From the July 12, 2010 issue of TIME Magazine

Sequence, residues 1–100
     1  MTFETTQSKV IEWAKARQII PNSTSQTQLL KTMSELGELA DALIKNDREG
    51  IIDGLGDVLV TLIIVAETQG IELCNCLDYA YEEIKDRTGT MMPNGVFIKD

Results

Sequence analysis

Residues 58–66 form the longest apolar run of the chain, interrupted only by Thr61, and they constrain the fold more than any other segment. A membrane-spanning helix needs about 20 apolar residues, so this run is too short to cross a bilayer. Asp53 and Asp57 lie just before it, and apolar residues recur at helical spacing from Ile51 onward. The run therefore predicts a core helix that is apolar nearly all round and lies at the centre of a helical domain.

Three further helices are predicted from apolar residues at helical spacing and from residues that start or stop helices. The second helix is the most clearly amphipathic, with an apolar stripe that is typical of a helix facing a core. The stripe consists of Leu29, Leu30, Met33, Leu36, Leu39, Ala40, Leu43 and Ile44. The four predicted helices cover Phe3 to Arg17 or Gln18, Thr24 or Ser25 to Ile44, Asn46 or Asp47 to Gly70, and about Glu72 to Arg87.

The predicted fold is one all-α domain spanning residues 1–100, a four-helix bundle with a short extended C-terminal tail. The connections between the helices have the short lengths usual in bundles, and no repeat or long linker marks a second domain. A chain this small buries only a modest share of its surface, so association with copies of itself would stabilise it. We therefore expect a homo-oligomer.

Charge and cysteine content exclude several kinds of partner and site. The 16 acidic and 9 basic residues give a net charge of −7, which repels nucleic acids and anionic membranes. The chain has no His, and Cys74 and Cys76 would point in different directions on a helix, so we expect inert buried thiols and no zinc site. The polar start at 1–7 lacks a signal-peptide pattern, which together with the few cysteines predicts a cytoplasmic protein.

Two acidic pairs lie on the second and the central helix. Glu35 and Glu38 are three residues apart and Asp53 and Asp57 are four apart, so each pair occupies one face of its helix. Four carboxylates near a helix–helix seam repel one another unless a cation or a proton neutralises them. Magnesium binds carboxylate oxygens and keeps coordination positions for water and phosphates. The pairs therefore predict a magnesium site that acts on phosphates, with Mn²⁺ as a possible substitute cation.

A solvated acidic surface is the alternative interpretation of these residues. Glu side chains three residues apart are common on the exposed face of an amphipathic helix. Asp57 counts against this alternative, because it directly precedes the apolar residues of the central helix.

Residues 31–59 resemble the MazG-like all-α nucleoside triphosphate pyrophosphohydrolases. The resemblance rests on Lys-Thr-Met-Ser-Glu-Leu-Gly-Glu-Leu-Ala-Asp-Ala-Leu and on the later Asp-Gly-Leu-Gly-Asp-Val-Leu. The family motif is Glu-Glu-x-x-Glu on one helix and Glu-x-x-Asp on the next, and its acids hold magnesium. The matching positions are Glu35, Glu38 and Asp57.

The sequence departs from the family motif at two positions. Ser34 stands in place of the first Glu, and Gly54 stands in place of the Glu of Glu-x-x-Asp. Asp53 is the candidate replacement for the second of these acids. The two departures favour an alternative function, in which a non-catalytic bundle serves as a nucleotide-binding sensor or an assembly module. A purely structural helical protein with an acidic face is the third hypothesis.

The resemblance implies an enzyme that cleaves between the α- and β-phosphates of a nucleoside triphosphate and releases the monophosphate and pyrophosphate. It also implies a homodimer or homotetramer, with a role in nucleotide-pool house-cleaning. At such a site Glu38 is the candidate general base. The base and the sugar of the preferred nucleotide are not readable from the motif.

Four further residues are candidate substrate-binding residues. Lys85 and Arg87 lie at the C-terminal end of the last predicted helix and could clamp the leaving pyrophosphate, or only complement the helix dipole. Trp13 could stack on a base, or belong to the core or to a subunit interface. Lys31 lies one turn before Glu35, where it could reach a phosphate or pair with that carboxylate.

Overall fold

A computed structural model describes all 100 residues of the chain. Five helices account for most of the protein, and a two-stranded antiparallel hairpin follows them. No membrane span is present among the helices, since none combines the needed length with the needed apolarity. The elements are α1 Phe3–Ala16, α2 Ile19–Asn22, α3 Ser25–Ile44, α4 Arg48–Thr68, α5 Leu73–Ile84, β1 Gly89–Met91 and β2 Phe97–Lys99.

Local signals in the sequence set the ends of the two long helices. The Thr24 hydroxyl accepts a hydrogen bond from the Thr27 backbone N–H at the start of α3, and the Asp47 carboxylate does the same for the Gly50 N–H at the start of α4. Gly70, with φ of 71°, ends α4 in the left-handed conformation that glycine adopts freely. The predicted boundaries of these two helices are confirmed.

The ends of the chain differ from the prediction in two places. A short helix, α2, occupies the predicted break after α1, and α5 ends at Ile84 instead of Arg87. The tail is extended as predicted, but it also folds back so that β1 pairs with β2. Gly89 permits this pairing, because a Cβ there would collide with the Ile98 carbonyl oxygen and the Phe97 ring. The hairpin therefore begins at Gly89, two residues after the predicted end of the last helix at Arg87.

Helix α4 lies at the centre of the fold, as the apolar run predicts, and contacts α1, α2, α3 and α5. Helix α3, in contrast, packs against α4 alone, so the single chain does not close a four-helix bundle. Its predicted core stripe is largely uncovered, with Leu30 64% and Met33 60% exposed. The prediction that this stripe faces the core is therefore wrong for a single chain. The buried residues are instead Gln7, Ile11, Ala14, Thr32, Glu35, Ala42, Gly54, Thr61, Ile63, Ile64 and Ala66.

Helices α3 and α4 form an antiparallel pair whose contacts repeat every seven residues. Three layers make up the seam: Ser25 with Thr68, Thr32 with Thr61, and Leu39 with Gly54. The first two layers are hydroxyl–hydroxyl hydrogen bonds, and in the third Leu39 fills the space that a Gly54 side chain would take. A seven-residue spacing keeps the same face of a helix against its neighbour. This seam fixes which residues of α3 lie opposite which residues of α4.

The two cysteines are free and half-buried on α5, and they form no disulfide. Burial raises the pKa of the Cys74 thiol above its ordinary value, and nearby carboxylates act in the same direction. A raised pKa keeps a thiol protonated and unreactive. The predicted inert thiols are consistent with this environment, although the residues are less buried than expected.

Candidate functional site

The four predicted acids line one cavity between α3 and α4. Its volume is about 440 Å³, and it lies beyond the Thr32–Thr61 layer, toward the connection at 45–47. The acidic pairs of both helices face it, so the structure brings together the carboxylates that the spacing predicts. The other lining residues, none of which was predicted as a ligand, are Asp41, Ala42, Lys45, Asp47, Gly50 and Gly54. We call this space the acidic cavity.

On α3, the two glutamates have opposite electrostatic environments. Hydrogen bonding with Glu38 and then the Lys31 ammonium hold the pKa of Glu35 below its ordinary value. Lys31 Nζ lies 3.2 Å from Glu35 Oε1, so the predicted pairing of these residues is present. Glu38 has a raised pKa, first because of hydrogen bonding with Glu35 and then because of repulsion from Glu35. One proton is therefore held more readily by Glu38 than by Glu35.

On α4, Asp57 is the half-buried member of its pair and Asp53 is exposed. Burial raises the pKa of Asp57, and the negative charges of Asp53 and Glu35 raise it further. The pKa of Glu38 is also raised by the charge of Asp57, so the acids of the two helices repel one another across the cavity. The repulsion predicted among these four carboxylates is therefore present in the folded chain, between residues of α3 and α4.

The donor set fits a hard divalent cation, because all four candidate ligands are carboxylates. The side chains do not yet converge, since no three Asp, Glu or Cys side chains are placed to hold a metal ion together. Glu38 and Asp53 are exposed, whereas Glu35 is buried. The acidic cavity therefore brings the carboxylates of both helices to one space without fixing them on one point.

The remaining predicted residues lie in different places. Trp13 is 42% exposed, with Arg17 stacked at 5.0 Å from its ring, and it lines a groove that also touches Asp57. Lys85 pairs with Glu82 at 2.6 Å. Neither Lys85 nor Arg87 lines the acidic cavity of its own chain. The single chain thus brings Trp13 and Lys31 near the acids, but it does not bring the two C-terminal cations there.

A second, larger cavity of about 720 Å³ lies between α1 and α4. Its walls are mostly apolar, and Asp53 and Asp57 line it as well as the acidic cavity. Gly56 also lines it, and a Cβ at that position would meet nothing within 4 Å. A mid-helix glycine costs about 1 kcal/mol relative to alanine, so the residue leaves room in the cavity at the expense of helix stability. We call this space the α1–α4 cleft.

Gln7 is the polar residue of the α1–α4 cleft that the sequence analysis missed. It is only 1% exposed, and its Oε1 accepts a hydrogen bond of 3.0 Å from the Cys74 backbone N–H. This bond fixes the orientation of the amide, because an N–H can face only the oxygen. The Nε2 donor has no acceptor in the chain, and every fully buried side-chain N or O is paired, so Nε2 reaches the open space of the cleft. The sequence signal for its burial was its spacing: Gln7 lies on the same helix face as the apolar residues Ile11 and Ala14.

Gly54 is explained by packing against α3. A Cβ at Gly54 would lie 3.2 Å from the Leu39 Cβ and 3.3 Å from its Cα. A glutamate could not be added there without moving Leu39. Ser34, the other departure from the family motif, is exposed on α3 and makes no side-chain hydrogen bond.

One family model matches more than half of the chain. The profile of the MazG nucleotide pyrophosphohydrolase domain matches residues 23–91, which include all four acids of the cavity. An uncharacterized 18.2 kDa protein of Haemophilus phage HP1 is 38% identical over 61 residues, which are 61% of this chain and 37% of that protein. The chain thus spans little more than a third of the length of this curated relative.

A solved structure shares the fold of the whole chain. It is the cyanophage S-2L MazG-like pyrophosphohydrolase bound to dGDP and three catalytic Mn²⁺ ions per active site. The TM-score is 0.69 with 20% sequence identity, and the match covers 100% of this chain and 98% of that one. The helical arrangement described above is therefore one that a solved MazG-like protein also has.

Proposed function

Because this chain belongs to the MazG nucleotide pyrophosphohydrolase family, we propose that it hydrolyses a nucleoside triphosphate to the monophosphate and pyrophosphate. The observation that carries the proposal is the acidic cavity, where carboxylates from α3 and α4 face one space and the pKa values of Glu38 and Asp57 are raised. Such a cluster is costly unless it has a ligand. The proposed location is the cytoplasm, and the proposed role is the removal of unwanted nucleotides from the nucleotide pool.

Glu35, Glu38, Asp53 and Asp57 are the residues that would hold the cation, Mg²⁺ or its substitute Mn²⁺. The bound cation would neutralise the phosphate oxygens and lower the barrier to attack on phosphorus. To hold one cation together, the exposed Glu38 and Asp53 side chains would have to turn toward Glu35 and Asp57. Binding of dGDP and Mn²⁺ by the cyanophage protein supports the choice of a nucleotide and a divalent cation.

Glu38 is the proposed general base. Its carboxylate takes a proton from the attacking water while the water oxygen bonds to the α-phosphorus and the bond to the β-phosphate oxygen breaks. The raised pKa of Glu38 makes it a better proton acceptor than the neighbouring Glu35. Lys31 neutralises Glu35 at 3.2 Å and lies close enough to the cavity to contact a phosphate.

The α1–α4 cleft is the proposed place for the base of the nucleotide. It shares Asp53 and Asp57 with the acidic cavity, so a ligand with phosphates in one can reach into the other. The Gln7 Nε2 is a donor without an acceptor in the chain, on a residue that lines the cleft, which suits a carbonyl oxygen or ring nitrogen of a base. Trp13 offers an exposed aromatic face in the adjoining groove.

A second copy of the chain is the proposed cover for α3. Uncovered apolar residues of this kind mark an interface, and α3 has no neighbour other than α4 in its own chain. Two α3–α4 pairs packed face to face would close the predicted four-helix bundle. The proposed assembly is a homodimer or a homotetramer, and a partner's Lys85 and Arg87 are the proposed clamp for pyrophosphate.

One distinctive Washington ritual is the Virtually Guaranteed Confirmation Hearing. The nominee needs only to avoid a major mistake. It's a bit like being out in a thunderstorm: a lot of wind and noise, an occasional flash but rarely dangerous if you're careful. Two such hearings occurred simultaneously this week. Supreme Court nominee Elena Kagan dodged raindrops in one room while the commander-designee for Afghanistan, General David Petraeus, avoided lightning rods in another. Their styles set them apart. Given the implosion of his predecessor, Petraeus was like the only firefighter at a burning house. The job was his; how soon could he start? Asked when the endless war would end, he straddled cautiously. Kagan, by contrast, faced Republicans who hoped to stir up a tempest. She let a smile be her umbrella. Asked to defend a passage in her master's thesis, she answered, "I didn't know a whole lot of law then." Another Senator asked her where she was when the underwear bomber struck on Christmas Day. "Like all Jews, I was probably at a Chinese restaurant," Kagan parried. Everyone laughed as the thunder faded.